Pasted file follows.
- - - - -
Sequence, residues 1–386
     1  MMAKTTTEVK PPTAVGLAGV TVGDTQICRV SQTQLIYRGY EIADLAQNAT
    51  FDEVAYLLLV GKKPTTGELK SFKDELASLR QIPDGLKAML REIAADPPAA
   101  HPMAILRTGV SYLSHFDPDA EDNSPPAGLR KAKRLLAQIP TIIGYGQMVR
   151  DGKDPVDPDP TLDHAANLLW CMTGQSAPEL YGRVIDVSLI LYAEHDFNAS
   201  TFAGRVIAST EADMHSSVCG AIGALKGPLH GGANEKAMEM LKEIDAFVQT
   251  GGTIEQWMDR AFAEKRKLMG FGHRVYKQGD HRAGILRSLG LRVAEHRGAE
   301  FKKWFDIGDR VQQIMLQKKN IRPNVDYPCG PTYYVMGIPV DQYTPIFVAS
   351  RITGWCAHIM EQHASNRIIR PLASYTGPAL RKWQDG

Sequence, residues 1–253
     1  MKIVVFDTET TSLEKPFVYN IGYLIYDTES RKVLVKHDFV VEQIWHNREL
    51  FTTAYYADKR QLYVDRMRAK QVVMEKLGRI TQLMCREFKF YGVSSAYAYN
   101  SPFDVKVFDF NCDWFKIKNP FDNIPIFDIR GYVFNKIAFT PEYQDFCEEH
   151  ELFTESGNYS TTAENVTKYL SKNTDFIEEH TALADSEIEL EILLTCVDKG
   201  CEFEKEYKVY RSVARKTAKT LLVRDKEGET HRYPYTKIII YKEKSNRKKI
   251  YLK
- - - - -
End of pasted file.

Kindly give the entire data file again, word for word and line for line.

Sequence, residues 1–386
     1  MMAKTTTEVK PPTAVGLAGV TVGDTQICRV SQTQLIYRGY EIADLAQNAT
    51  FDEVAYLLLV GKKPTTGELK SFKDELASLR QIPDGLKAML REIAADPPAA
   101  HPMAILRTGV SYLSHFDPDA EDNSPPAGLR KAKRLLAQIP TIIGYGQMVR
   151  DGKDPVDPDP TLDHAANLLW CMTGQSAPEL YGRVIDVSLI LYAEHDFNAS
   201  TFAGRVIAST EADMHSSVCG AIGALKGPLH GGANEKAMEM LKEIDAFVQT
   251  GGTIEQWMDR AFAEKRKLMG FGHRVYKQGD HRAGILRSLG LRVAEHRGAE
   301  FKKWFDIGDR VQQIMLQKKN IRPNVDYPCG PTYYVMGIPV DQYTPIFVAS
   351  RITGWCAHIM EQHASNRIIR PLASYTGPAL RKWQDG

Sequence, residues 1–253
     1  MKIVVFDTET TSLEKPFVYN IGYLIYDTES RKVLVKHDFV VEQIWHNREL
    51  FTTAYYADKR QLYVDRMRAK QVVMEKLGRI TQLMCREFKF YGVSSAYAYN
   101  SPFDVKVFDF NCDWFKIKNP FDNIPIFDIR GYVFNKIAFT PEYQDFCEEH
   151  ELFTESGNYS TTAENVTKYL SKNTDFIEEH TALADSEIEL EILLTCVDKG
   201  CEFEKEYKVY RSVARKTAKT LLVRDKEGET HRYPYTKIII YKEKSNRKKI
   251  YLK